Hosted by Cyndi Varady and Stephanie Roach (LIS Lady), twelve or so library and information professionals and students enjoyed the pint beer specials and delicious food at Cafe Flore.
With the start of school in August, and several students in attendance, much of the focus was on new classes at San Jose State University’s School of Library and Information Science. However, the Bay Area has other LIS education opportunities, which were a hot topic at the August Meet-Up.
Coming soon (October-December 2011) is Stanford University’s experiment in distributed education, featuring free courses in computer science such as “Introduction to Databases,” “Machine Learning” and “Introduction to Artificial Intelligence.” The school is offering these courses free as online versions of their on-campus counterparts. It is such a neat opportunity, and it seems that, at least for some topics, this type of free course could break down economic barriers to higher education today. More than 45,000 students have signed up for each course so far. The courses are available to students “worldwide.” However, there is always the digital divide to consider, as not everyone has ready access to computers and other necessary technology to participate in this type of experiment in distributed education. Nonetheless, I am very interested in this opportunity and can’t wait to hear more about it.
Watch for details about the next IPSC Meet-Up on the LIS Lady Blog.
Web 2.0 is so pervasive it has really hit the mainstream (I know, it is a huge understatement), with movies such as David Fincher’s The Social Networkcoming soon, and already getting the full Web 2.0 treatment with abundant trailer parodies on YouTube, my favorite being the Twitter Movie Trailer: Rated Awesome from Indy Mogul.*
An interesting question for me regarding the audience of the movie itself and of course that of the parodies by default, is if there is a digital divide built in, and what this might mean. Yesterday, I actually met a charming twenty-something gal, who is not on Facebook, and I was a bit shocked. Tattooed and fashionable, I felt sure she would be totally plugged in. Perhaps she is a neo-luddite. Or perhaps she just doesn’t own a computer. Who knows, but I seriously doubt this movie or the delightful parodies of the trailer will resonate with her. Either way, the divide between the haves and have nots is certainly apparent when thinking about the potential audience of The Social Network.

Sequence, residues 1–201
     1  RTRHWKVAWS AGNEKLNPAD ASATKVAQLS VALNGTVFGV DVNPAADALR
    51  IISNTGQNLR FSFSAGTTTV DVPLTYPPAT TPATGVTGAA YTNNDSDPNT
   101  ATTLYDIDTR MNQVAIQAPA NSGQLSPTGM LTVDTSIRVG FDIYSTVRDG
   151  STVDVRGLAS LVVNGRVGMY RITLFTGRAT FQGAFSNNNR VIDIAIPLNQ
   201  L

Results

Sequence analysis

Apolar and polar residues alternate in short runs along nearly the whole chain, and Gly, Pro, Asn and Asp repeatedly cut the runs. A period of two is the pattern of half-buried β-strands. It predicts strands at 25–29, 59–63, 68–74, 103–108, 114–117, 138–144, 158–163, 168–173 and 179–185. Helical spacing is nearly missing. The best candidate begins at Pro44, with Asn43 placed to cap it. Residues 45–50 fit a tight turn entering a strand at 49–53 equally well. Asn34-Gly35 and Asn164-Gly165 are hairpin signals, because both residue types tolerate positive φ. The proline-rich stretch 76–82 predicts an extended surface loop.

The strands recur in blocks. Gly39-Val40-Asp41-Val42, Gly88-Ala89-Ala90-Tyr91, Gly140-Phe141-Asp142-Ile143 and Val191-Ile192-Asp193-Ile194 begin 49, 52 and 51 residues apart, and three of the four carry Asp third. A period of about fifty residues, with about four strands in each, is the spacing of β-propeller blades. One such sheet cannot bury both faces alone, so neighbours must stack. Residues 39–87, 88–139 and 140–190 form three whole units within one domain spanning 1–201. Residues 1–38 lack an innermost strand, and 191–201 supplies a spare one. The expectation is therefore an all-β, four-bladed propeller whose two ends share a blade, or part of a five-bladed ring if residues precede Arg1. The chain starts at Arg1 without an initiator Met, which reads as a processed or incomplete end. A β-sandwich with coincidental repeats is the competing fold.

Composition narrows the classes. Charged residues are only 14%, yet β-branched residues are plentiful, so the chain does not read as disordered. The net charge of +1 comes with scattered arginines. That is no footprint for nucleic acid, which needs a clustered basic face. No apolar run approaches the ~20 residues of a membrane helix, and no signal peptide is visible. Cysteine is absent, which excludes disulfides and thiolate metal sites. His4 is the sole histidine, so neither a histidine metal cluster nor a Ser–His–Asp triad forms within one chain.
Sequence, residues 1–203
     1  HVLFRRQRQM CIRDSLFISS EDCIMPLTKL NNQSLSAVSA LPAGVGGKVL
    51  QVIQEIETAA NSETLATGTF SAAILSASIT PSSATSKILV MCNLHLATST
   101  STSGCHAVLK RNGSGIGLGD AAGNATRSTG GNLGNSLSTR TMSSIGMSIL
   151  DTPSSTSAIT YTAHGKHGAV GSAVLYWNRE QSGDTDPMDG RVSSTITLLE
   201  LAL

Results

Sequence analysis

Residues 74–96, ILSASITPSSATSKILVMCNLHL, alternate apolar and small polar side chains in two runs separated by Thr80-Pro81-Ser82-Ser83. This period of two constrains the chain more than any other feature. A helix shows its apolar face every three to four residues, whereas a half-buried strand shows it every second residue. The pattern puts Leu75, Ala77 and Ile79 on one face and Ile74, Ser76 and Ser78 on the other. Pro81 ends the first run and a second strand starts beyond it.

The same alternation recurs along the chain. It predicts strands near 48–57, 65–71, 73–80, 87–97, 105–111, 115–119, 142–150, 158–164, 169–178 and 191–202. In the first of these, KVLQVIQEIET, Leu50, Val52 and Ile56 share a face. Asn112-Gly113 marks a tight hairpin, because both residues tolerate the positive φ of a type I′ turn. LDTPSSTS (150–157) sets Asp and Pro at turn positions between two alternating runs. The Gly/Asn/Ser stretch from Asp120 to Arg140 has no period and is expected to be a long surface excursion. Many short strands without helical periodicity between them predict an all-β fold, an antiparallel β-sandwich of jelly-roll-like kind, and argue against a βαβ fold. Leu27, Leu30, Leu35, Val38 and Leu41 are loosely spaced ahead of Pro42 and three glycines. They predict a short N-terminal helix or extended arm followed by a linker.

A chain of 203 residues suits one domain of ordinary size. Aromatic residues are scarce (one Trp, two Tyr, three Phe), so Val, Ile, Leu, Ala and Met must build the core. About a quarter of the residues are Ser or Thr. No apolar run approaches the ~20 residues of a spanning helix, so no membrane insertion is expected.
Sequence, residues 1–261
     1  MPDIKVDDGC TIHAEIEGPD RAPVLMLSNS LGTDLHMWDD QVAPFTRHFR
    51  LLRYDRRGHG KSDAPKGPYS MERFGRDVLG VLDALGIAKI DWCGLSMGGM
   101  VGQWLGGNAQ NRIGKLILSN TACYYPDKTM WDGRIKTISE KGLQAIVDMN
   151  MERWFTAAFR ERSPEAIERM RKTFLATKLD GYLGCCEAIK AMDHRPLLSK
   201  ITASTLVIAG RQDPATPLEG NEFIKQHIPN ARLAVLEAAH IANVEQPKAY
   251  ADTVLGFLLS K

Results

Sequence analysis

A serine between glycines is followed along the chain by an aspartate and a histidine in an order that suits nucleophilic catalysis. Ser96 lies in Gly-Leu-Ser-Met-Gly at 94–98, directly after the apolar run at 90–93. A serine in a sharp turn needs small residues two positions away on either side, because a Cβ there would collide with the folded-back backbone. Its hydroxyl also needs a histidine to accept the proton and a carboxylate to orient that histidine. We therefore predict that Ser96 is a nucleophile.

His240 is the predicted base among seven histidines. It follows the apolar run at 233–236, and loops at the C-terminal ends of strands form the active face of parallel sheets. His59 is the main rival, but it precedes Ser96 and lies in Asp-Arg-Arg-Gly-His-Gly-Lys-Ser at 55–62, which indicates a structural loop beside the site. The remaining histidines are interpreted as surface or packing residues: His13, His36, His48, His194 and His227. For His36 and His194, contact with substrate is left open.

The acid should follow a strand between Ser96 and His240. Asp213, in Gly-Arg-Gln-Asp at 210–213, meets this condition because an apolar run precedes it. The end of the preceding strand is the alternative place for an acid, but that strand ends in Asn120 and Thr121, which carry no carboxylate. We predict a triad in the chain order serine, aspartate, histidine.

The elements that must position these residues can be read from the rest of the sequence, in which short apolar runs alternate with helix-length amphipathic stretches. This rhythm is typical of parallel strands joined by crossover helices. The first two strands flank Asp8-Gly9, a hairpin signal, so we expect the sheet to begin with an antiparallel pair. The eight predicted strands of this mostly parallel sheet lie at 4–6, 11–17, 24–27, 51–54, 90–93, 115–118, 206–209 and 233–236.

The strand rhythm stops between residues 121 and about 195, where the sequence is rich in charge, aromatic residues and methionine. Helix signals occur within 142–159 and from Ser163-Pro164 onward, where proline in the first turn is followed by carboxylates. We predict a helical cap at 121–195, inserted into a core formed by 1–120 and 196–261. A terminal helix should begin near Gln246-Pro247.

*Thanks to GeekSugar for showcasing the Twitter and YouTube parodies of The Social Network trailer on the GeekSugar blog.
Did you know that 300,000 Americans visit public libraries daily for job seeking help?
Public libraries rule.
In economic times such as these, those facing the digital divide continue to turn to their libraries for access to the internet. Tough times lead to tough choices, and it seems likely to me that the digital divide has grown as income loss might lead some to choose to cancel services such as home Internet access. Cable and phone bills can be expensive, and when you are struggling to make ends meet, you cut back where you can. This means more people will turn to their public library (0r Internet cafe) in order to use on site Wi-Fi with a laptop, or use the machines provided by the library computer lab or work station. Those who aren’t using computers directly for job-seeking are able to stay in touch with friends and family, network, explore, learn, and contribute in the Web 2.o (3.0?) world. Computers are a necessity for job-seekers today, and public libraries provide access.